A recently approved trilateral plan to create a water pipeline connecting the Red Sea and the rapidly evaporating Dead Sea has everything to do with providing freshwater to a desperate region, and less to do with reversing the receding water levels in the Dead Sea.
“This project will not save the Dead Sea,” Prof. Jiwchar Ganor, faculty member at the Department of Geological and Environmental Sciences at Ben-Gurion University of the Negev, told JNS.org.
Each year, the Dead Sea loses approximately 800 million cubic meters of water, and the shoreline recedes by approximately one meter. Tourists visiting the sea can easily see the impact of water recession.
“You would need to add 800 million cubic meters per year to stabilize the levels of the sea. This will be a project of approximately 100 million cubic meter per year,” Ganor said.
As part of the project, approximately 100 million cubic meters of water will be desalinated in the Gulf of Aqaba, in Jordanian territory, and divided between Israel and Jordan, with the majority of the water going for drinking and irrigation to Israel’s Arava desert. As part of the cooperation, Israel will then provide desperately needed water to Jordan in the north.
“In Jordan, they have a very severe problem of water shortage. It is not like the shortage we have in Israel. In Amman, you do not have fresh water everyday in the taps. They have a huge water shortage,” said Ganor.
According to Ganor, a water shortage for Jordanians could fuel growing instability for the Hashemite regime. Citizens without water may act in unpredictable ways, including taking to the streets.
“If you look at the entire region, Jordan, Syria, Israel, and Lebanon all take water. This area has a huge population, and it needs a huge amount of water. … It’s not good to have neighbors that are thirsty,” Ganor said.
“For Israel, it is very important, as I see it, that Jordan will have more water,” he said. “Through this cooperation, Israel gains water where it needs it, in the South, and Jordan gains it where they need it, in the North.”
It is this demand for fresh water that has caused the depletion of the Jordan River and the Dead Sea. Waters that flow into the Jordan River and Israel’s Lake Kinneret, also known as the Sea of Galilee, are all diverted for consumption, meaning the natural flow through the Jordan River and ultimately into the Dead Sea has been greatly reduced.
For years, environmentalists have warned about the dangers to the future of the Dead Sea if appropriate water flow is not restored. Several plans have been floated to bring water to the Dead Sea, either from the Mediterranean Sea to the west or the Red Sea to the south.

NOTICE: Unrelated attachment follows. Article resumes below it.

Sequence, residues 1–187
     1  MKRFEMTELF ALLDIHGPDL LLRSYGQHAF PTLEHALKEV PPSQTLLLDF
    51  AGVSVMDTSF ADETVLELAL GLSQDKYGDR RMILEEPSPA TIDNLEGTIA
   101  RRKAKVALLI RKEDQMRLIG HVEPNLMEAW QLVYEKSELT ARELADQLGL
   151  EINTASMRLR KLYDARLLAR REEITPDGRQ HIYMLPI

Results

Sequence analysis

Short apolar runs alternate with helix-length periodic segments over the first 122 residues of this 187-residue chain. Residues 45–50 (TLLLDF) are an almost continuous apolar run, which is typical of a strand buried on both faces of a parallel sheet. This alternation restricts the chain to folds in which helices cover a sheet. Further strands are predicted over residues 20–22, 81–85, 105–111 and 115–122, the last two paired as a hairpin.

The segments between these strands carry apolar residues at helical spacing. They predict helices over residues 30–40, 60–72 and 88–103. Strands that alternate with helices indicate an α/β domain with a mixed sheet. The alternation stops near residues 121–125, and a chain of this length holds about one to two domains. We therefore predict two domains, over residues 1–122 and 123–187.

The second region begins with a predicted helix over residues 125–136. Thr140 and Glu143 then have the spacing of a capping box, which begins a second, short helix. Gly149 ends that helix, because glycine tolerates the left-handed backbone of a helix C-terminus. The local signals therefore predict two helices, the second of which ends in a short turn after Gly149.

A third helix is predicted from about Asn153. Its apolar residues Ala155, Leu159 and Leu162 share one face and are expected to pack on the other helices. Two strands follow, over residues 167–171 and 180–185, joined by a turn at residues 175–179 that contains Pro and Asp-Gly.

Most recently, Israeli President Shimon Peres was a vocal advocate of a plan to build a canal between the Red Sea and the Dead Sea—which at 400 meters below sea level is the lowest point on Earth.
The plan approved by Israel, Jordan, and the Palestinian Authority last week will bring water from the Red Sea to the Dead Sea via a pipeline. Yet the waters that will be piped to the Dead Sea will be neither desalinated freshwater nor seawater.
“What will be brought to the Dead Sea is the waste of the desalination project, known as brine,” Ganor said.
“The present plan is to desalinate sea water in Aqaba[, Jordan]. As part of the desalination process, half the water output will be fresh water, and half will become brine that includes all the salt from the desalination, so it has a double concentration of sea salt. It is this strategic brine water that will be distributed to the Dead Sea,” he said.
Ganor said there are two reasons to bring the brine to the Dead Sea.
“The first is reason is to avoid dumping of brine into the Red Sea. The second is to contribute some water to the Dead Sea, which has a negative water balance, so it will slow down the decrease in the Dead Sea water level,” he said.
According to Ganor, substantial research has not been conducted on whether or not placing the brine back into the Red Sea would have any tangible ecological impact on the Red Sea’s famed coral reefs and colorful sea life—yet that is clearly a concern.
In terms of total salinity, the water in the Dead Sea is about 10 times saltier than the seawater of the Red Sea, and five times saltier than the brine. Yet the compositions of the two waters are very different.
“There are different salts in the Dead Sea,” Ganor told JNS.org. “In the Dead Sea, for example, calcium is high, while sulfates are low. In seawater, sulfates are high and calcium is low. And there are many other examples.”
Meanwhile, some environmentalists are arguing against bringing the brine to the Dead Sea.
“The question of risk to the ecology of the Dead Sea depends on the amounts of water deposited. In small amounts, there is no risk. If we are talking about very high amounts of new water, then there are various types of risks relating to the Dead Sea water composition, and the growth of particular types of algae that are currently not part of the Dead Sea’s environment,” Ganor said.
“According to the research that we conducted at Ben-Gurion University along with other institutes including Hebrew University, we found that if you add relatively small amounts, less than 350 million cubic meters per year, there will be no ecological risk to the Dead Sea,” he said. “If you add a very high amount, say 700 or 800 million cubic meters, there is a much bigger concern.”
Whether these concerns would negatively affect tourism in the Dead Sea is unknown, as the actual effects cannot be accurately studied.
“We don’t know the precise amount of water that is safe to add without ecological change. The current pilot can give us a real field study to better determine the impact in larger numbers,” Ganor said.
While politicians would like to enlarge the project in the future, more data is needed to do that, said the professor.
“Yet again, the issue of the brine is not the major component of this deal,” he said.